Lara Messersmith-Glavin's Reviews > The Golden Notebook

The Golden Notebook by Doris Lessing
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bookshelves: women-gender
Recommended to Lara by: My two mothers

Like so many others in these days since the controversial awarding of the Nobel prize to Doris Lessing, I am reading The Golden Notebook. I read another novel of hers last month, The Sweetest Dream, and I have to admit, I am not wild about her prose. I enjoy it – I smile bitterly along with thousands of others at the fact that apparently all one must do to receive such honors is to treat women as if they were important and worth thinking about with the same rigor we examine male motives and introspection. Yet she has habits that annoy me: she makes me wait for physical details – I learn twenty pages in to a conversation that this man is not the chiseled figure I’d wrought from her silence, but rather a stout one with a round face and obstinate brow. I struggle to situate the speakers in a physical plane. She moves them with their dialogue and not their space; is she still on the couch, or isn’t she? I long for setting. I know Lessing is remarkably diverse, writing everything from accidental feminism to science fiction, and yet to me I see the same 5 characters entering and exiting rooms with predictable comments. Perhaps this is what she intends – this may very well be the thrust of her point, these types, these thematic repetitions.

Nonetheless, she is doing something in this novel that I find exciting beyond words. I could feel it coming, knowing before sitting down to read that the novel was a simple story divided up between the private, topical, diary-like notebooks of a central character. I could feel the arrival of the shift in voice as if it had knocked on the door of a scene, waiting to be let in. I stopped at the page I was at and leafed forward, looking for it – there is was, three pages later. I read quickly to get there, relieved that the story as it was crafting itself was not so much a narrative thread as it was an excuse for something else, for something, for lack of a better word, more novel. As Lessing herself writes, “...the function of the novel seems to be changing; it has become an outpost of journalism; we read novels for information about areas of life we don’t know...One novel in five hundred or a thousand has the quality a novel should have to try to make it a novel – the quality of philosophy,” (p. 58-9). I could feel the ideas coming, in the form of their own self-conscious doubt.

There is a voice we all have and yet we save. We have public voices, professional voices, voices of lewdness and drunken uninhibited voices, confessional voices, voices used only in bed, quite unrecognizable from those used to direct a taxi or place an order over the phone. We have different voices for when we are resentful or swollen with the false humility of pride. We have voices for children and for the elderly, for the sick or the dangerous or the insane. And sooner or later, other people hear these voices of ours. But there is one that is rarely heard – the diary voice. Already this is disingenuous, because I believe and you well know that, deep down, most diarists write in the hopes that their words will somehow be read, that the things they lack the courage to say aloud will somehow become known, that their undiscovered genius will come to light. Sometimes we make bargains – we agree with Fate to allow our words to find their way to the readers’ eyes posthumously, if need be. Who doesn’t feel misunderstood in her time? Or we find peace in the terrifying ritual of putting words to paper; for the guilty or the tragically unclear, the very act of forming the letters can feel like a death sentence and a liberation. Paper can be crumpled or burnt, marks erased, but writing can never be undone. Once we have written a thing, it seals our commitment even sounder than a spoken vow, for it was once concrete, a solid thing, more than disturbances of air and ear drums. There is a reason why we sign documents as solemn promises of acceptance and disallow many verbal agreements as utterly binding contractual faith. And yet the private performance of journaling brings forth a voice in people that has a bald truth to it, a naked and shivering inability to take an audience into account. Even our diary lies have more meat to them than the most gut-wrenching professional prose, which is always calculated on a certain level for effect.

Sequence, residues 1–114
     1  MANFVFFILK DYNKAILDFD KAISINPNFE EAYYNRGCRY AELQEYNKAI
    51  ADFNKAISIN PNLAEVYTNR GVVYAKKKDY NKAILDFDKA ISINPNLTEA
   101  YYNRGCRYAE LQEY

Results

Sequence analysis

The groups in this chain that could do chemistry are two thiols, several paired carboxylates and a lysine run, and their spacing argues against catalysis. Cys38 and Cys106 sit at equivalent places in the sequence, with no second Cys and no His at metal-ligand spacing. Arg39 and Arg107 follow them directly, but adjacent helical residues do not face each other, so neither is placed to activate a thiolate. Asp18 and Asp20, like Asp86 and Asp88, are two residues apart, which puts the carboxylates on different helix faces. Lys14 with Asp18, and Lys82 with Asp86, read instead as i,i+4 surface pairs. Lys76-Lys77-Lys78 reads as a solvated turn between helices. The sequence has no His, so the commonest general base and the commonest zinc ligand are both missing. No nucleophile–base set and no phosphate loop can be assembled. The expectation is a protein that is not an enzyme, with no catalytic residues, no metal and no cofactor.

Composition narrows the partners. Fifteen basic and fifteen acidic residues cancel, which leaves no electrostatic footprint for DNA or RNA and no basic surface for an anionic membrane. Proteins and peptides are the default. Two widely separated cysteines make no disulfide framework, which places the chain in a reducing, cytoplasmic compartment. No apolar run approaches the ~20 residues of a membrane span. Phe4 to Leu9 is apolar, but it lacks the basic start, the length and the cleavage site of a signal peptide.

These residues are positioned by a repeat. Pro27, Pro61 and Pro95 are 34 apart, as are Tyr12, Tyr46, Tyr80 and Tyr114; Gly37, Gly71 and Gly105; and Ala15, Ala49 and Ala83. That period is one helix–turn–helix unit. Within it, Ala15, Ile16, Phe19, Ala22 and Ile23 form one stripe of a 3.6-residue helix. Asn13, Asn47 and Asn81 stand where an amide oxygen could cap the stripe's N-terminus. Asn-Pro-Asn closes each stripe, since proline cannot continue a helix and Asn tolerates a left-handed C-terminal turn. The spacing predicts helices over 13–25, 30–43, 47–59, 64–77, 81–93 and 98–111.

The shift in Lessing’s work from the novel to the notebook has left me quiet and weeping. In such weakness we reveal such bravery, such moments when something of value is finally uttered between the craft of escapist (and, ultimately, dull,) storytelling.
“I am incapable of writing the only kind of novel which interests me:” she writes, as I cry. “- a book powered with an intellectual or moral passion strong enough to create order, to create a new way of looking at life.”
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Reading Progress

Started Reading
December 1, 2007 – Finished Reading
March 3, 2008 – Shelved

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